Difference between revisions of "Aragonite"

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A crystalline form of [[calcium%20carbonate|calcium carbonate]] that occurs in [[coral|coral]], [[seashell|shells]], [[pearl|pearls]], stalactites, and water deposits. Aragonite was named after the Aragon region in Spain where it was first discovered. Its orthorhombic system forms compact, acicular crystals that make it harder and heavier than [[calcite|calcite]]. When aragonite is formed by water deposition of calcium carbonate, the crystals often grow in radiating flowers. Aragonite mines are located in Europe, Bolivia, and the U.S. (New Mexico, Arizona). Aragonite was used in antiquity for beads and decorative items. It can be converted to calcite with heat (470 C) and changes slowly to calcite at room temperature.
 
A crystalline form of [[calcium%20carbonate|calcium carbonate]] that occurs in [[coral|coral]], [[seashell|shells]], [[pearl|pearls]], stalactites, and water deposits. Aragonite was named after the Aragon region in Spain where it was first discovered. Its orthorhombic system forms compact, acicular crystals that make it harder and heavier than [[calcite|calcite]]. When aragonite is formed by water deposition of calcium carbonate, the crystals often grow in radiating flowers. Aragonite mines are located in Europe, Bolivia, and the U.S. (New Mexico, Arizona). Aragonite was used in antiquity for beads and decorative items. It can be converted to calcite with heat (470 C) and changes slowly to calcite at room temperature.
  
[[File:36.178-20-3.jpg|thumb|Stamp seal<br>MFA# 36.178]]
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[[File:Shell trumpet.jpg|thumb|Shell trumpet<br>MFA# 17.2170]]
  
 
== Synonyms and Related Terms ==
 
== Synonyms and Related Terms ==

Latest revision as of 07:42, 11 August 2020

Lizard effigy vase
MFA# 1993.818

Description

A crystalline form of Calcium carbonate that occurs in Coral, shells, pearls, stalactites, and water deposits. Aragonite was named after the Aragon region in Spain where it was first discovered. Its orthorhombic system forms compact, acicular crystals that make it harder and heavier than Calcite. When aragonite is formed by water deposition of calcium carbonate, the crystals often grow in radiating flowers. Aragonite mines are located in Europe, Bolivia, and the U.S. (New Mexico, Arizona). Aragonite was used in antiquity for beads and decorative items. It can be converted to calcite with heat (470 C) and changes slowly to calcite at room temperature.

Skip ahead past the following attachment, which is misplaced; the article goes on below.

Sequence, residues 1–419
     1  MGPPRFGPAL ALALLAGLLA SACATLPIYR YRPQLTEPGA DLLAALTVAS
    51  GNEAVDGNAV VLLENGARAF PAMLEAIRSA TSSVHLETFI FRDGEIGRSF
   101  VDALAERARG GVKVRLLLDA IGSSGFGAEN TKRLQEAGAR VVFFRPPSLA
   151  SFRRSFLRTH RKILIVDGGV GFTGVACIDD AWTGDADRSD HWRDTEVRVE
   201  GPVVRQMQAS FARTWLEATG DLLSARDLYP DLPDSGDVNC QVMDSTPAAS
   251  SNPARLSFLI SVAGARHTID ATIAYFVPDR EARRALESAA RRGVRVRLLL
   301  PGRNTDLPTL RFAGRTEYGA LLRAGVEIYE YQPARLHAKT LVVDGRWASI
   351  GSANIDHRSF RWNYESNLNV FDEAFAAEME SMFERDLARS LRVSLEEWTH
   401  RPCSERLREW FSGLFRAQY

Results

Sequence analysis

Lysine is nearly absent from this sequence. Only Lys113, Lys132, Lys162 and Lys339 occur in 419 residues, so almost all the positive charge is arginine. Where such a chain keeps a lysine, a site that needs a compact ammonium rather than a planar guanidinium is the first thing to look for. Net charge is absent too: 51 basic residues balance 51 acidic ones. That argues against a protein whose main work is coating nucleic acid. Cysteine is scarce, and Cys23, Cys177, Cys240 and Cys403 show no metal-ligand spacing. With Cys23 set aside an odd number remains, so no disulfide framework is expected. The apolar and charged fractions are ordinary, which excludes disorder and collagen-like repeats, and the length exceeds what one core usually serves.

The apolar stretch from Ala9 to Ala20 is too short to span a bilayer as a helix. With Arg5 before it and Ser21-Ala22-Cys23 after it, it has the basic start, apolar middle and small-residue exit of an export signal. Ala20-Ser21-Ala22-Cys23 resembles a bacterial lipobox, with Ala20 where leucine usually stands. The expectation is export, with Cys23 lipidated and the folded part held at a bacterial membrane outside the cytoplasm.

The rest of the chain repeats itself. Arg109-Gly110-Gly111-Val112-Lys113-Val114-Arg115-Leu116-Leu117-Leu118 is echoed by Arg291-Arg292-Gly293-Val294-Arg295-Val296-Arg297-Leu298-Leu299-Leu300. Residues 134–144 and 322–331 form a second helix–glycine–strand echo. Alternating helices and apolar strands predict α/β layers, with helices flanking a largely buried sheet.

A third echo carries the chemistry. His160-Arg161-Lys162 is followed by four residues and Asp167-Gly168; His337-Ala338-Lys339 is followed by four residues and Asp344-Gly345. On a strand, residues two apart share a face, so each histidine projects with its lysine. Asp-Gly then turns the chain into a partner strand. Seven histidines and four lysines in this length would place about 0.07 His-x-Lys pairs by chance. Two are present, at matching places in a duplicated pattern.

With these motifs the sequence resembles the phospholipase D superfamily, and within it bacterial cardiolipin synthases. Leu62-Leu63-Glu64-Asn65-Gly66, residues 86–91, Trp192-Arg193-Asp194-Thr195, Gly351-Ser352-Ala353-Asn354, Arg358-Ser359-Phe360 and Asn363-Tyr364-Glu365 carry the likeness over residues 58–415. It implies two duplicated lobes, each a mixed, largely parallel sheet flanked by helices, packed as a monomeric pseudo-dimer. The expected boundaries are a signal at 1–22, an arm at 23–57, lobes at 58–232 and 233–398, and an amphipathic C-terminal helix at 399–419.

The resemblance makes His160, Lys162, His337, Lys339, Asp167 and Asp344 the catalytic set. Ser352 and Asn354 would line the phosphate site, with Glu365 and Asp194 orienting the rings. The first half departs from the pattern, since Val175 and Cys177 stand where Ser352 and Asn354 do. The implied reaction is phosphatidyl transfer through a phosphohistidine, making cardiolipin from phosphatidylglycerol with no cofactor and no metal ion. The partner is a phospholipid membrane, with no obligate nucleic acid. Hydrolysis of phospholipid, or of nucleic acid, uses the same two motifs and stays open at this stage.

Shell trumpet
MFA# 17.2170

Synonyms and Related Terms

calcium carbonate; nacre; shell white; coral; Aragonit (Deut., Pol.); aragonita (Esp.); aragonito (Esp.); aragonite (Fr., Port.); aragoniet (Ned.)

FTIR (MFA)

Aragonite 2.TIF

Raman (MFA)

Aragonite (HU Min. Museum 116189), 50X, 785 nm copy.tif

Chemical structure

Aragonite.jpg


Risks

No significant hazards.

ThermoFisher: SDS

Physical and Chemical Properties

Orthorhombic crystal system with platy or fibrous, acicular crystals that are often twinned. Reacts with acids to evolve carbon dioxide. Fluorescent. Brittle. Aragonite is harder and denser than calcite.

Luster = vitreous to resinous. Transparent to translucent. Fracture = subconchoidal. Streak = white

Strongly birefringent showing interference colors. Straight extinction

Composition CaCO3
CAS 471-34-1
Mohs Hardness 3.5 - 4.0
Density 2.93-2.95
Molecular Weight mol. wt. = 100.09
Refractive Index 1.530, 1.682, 1.686

Additional Images

Resources and Citations

  • R. Gettens, E. West Fitzhugh, R.Feller, "Calcium Carbonate Whites", Artists Pigments, Vol. 2., A. Roy ed. Oxford University Press, Oxford, 1993.
  • Mineralogy Database: Aragonite
  • Jack Odgen, Jewellery of the Ancient World, Rizzoli International Publications Inc., New York City, 1982
  • Nicholas Eastaugh, Valentine Walsh, Tracey Chaplin, Ruth Siddall, Pigment Compendium, Elsevier Butterworth-Heinemann, Oxford, 2004 Comment: Refractive Index: alpha=1.529-1.530; beta=1.680-1.682; gamma=1.685-1.686
  • C.W.Chesterman, K.E.Lowe, Audubon Society Field Guide to North American Rocks and Minerals, Alfred A. Knopf, New York, 1979
  • G.S.Brady, Materials Handbook, McGraw-Hill Book Co., New York, 1971 Comment: p. 131
  • Richard S. Lewis, Hawley's Condensed Chemical Dictionary, Van Nostrand Reinhold, New York, 10th ed., 1993
  • Van Nostrand's Scientific Encyclopedia, Douglas M. Considine (ed.), Van Nostrand Reinhold, New York, 1976
  • Random House, Webster's Encyclopedic Unabridged Dictionary of the English Language, Grammercy Book, New York, 1997
  • The American Heritage Dictionary or Encarta, via Microsoft Bookshelf 98, Microsoft Corp., 1998